indifferent child of the universe (nonbeing) wrote in unjust_phil,
indifferent child of the universe
nonbeing
unjust_phil

Essence

There is a concept that has plagued philosophy since its inception, a concept I personally find not merely irrelevant, but utterly incomprehensible, incoherent, and, worst of all, altogether incapable of clear definition. That concept is "essence."

What is a thing, "in itself?" What is a thing "intrinsically?" What is there to be known of a thing beyond how that thing "merely appears" to we observers? These questions have been asked time and time again, and I, for one, would like to know just what the philosopher is actually asking.

What does one mean by the "essence" of a thing? I can think of no description of a thing's "essence" that would not, in one form or another, employ attributes, properties, or other observed/designated qualities of that thing-- in other words, aspects of that thing's appearance.

Consider how an inquiry concerning the "essence" of some thing, X, might proceed:

Philosopher 1: What is X, in itself?
Philosopher 2: Well, X has such-and-such physical properties directly accessible by our senses.
P1: I didn't ask how X appears to our senses, I asked what X essentially is.
P2: Well, X also has a great many physical properties I could describe to you that are indirectly accessible-- that is, through mediate observation with scientific instruments-- and these properties can be detailed in a formal manner, often with mathematical precision.
P1: You still haven't answered my question.
P2: Okay... well, X has a number of designated functions-- that is, depending on who you ask, they will describe to you some desired end or goal, and tell you how X can be utilized in actualizing that possibility.
P1: I did not ask you anything about the properties, either directly or indirectly observable, of X, nor did I ask you what possible functions X can fulfill. I am asking you what X is.
P2: There is, I suppose, the collection of all ideas, emotions, memories, or other mental reactions X could possibly elicit in a person who interacts with it. There are the individual conceptions of X, which will most likely differ between different participants in different contextual experiences of X, though they will also, most likely, all be similar enough to assume that the X in question has consistent qualities.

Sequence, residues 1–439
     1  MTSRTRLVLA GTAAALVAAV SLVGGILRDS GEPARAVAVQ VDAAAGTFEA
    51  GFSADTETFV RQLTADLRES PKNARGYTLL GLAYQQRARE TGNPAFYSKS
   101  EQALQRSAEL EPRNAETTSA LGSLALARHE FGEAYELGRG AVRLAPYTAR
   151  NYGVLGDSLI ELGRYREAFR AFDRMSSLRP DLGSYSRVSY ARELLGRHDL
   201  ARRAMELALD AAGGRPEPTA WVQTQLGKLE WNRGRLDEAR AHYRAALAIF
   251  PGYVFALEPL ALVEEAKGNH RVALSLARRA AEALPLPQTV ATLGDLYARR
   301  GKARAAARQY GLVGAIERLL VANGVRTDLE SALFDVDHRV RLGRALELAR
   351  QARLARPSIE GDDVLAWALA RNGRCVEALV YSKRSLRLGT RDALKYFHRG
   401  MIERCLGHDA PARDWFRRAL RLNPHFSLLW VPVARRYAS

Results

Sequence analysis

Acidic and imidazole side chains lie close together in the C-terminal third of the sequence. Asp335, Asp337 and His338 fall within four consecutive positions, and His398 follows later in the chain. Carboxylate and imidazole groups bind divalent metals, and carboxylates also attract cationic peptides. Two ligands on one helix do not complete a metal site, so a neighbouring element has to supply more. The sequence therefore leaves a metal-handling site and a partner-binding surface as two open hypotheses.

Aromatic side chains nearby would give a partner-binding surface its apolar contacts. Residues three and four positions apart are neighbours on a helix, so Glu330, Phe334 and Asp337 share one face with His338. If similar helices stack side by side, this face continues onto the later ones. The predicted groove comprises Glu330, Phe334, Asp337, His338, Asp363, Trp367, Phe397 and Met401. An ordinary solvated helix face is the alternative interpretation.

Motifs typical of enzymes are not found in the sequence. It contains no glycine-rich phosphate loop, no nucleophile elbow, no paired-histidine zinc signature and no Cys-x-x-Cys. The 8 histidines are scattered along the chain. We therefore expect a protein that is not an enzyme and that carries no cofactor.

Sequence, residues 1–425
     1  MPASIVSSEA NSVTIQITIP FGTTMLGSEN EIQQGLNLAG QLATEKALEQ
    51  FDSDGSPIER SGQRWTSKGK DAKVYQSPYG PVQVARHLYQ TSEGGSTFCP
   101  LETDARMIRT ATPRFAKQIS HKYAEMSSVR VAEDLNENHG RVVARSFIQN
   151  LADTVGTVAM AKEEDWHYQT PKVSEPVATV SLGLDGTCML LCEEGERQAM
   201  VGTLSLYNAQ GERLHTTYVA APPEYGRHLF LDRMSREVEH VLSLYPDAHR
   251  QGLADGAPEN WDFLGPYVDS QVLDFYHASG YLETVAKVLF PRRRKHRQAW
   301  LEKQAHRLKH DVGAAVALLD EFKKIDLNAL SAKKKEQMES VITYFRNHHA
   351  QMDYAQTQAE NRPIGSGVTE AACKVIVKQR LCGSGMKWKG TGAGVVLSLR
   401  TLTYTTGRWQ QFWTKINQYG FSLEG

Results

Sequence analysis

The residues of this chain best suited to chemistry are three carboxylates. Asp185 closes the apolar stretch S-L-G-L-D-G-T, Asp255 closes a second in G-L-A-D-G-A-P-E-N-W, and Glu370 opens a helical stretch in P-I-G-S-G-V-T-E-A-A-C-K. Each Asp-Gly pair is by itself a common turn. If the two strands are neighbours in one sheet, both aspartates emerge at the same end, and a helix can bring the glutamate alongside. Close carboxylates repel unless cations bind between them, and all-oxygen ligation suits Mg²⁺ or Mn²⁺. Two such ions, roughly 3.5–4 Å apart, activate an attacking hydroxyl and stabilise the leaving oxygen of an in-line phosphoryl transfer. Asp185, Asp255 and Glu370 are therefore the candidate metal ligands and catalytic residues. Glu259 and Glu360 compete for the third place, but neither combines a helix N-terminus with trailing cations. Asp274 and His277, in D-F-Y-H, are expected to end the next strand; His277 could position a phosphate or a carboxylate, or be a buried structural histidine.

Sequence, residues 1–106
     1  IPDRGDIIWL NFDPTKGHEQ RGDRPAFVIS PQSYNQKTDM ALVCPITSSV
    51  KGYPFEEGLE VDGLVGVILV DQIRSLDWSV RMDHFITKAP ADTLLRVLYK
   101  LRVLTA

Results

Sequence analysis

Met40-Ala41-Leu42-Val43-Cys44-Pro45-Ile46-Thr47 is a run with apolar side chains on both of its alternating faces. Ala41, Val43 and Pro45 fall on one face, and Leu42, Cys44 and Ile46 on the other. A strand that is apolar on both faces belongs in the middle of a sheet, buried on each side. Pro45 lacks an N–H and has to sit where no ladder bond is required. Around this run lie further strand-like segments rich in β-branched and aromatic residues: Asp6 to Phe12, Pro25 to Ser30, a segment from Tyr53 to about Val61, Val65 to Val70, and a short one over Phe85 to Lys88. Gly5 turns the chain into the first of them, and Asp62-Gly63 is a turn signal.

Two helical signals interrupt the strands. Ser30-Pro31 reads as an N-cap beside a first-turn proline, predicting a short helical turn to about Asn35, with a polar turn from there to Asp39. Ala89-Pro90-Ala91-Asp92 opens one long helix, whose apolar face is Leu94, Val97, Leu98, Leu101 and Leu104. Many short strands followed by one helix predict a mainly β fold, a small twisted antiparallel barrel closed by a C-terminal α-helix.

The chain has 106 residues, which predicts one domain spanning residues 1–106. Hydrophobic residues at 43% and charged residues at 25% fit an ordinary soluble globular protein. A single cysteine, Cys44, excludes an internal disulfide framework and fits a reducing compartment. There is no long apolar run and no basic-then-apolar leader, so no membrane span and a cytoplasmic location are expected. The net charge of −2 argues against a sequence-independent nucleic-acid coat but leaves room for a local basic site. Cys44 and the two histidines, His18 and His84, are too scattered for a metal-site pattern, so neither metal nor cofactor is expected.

P1: Concepts are just another layer constructed on appearance. I want to know what X essentially is, independent of all observances, interactions and conceptions!
P2: Okay, man, I have no fucking idea how to answer you. Your question, itself, precludes any possible description I could attribute to X, since the only things I can ever say about X are no more or less than those things derived from either the perception of X or the experience of interacting with X. You seem to be asking me something about X that cannot possibly be communicated, insofar as I can only communicate things about X that I, or someone else, has ascertained about X through some experience or contemplation with or about X! For fuck's sake, man, what do you want to know?
P1: It's a simple question, don't be a dick.

This is why I do not understand what is meant by "essence." Put simply, as Philosopher #2 pointed out, there is nothing I can possibly communicate about a thing that doesn't fit into one of the following categories:

1. It is a quality of the thing directly perceivable.
2. It is a quality of the thing indirectly perceivable (perceivable with the aid of instruments).
3. It is a function of the thing.
4. It is a mental construct of the thing-- some particular thought associated with the thing-- constituted of elements of one or more of the previous 3 categories.

So, tell me-- what the hell is a thing, in itself?

Furthermore, if there are things-in-themselves in either the form or noumena sense, is there anything useful, practical, or at all applicaple to phenomenal experience that can be said of these things? Or is essence simply a concept used to affirm that "yes, X does, in fact, exist. Period."

(reposted from philosophy with some modifications based on the dialectic already discussed there)

  • Post a new comment

    Error

    default userpic

    Your IP address will be recorded 

  • 3 comments